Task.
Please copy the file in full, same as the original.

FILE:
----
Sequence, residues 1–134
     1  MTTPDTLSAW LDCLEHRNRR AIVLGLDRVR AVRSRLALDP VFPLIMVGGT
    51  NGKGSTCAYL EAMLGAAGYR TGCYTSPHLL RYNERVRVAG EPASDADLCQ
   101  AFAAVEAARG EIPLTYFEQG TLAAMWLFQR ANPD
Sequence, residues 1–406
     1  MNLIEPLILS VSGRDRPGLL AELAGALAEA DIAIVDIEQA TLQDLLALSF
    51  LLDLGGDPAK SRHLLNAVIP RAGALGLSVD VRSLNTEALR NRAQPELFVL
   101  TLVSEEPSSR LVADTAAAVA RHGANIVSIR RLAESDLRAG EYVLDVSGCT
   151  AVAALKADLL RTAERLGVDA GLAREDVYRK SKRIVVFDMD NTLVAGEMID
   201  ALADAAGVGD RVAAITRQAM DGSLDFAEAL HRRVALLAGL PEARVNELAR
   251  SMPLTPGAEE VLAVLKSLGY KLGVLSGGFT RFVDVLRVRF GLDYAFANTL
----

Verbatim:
Sequence, residues 1–134
     1  MTTPDTLSAW LDCLEHRNRR AIVLGLDRVR AVRSRLALDP VFPLIMVGGT
    51  NGKGSTCAYL EAMLGAAGYR TGCYTSPHLL RYNERVRVAG EPASDADLCQ
   101  AFAAVEAARG EIPLTYFEQG TLAAMWLFQR ANPD
Sequence, residues 1–406
     1  MNLIEPLILS VSGRDRPGLL AELAGALAEA DIAIVDIEQA TLQDLLALSF
    51  LLDLGGDPAK SRHLLNAVIP RAGALGLSVD VRSLNTEALR NRAQPELFVL
   101  TLVSEEPSSR LVADTAAAVA RHGANIVSIR RLAESDLRAG EYVLDVSGCT
   151  AVAALKADLL RTAERLGVDA GLAREDVYRK SKRIVVFDMD NTLVAGEMID
   201  ALADAAGVGD RVAAITRQAM DGSLDFAEAL HRRVALLAGL PEARVNELAR
   251  SMPLTPGAEE VLAVLKSLGY KLGVLSGGFT RFVDVLRVRF GLDYAFANTL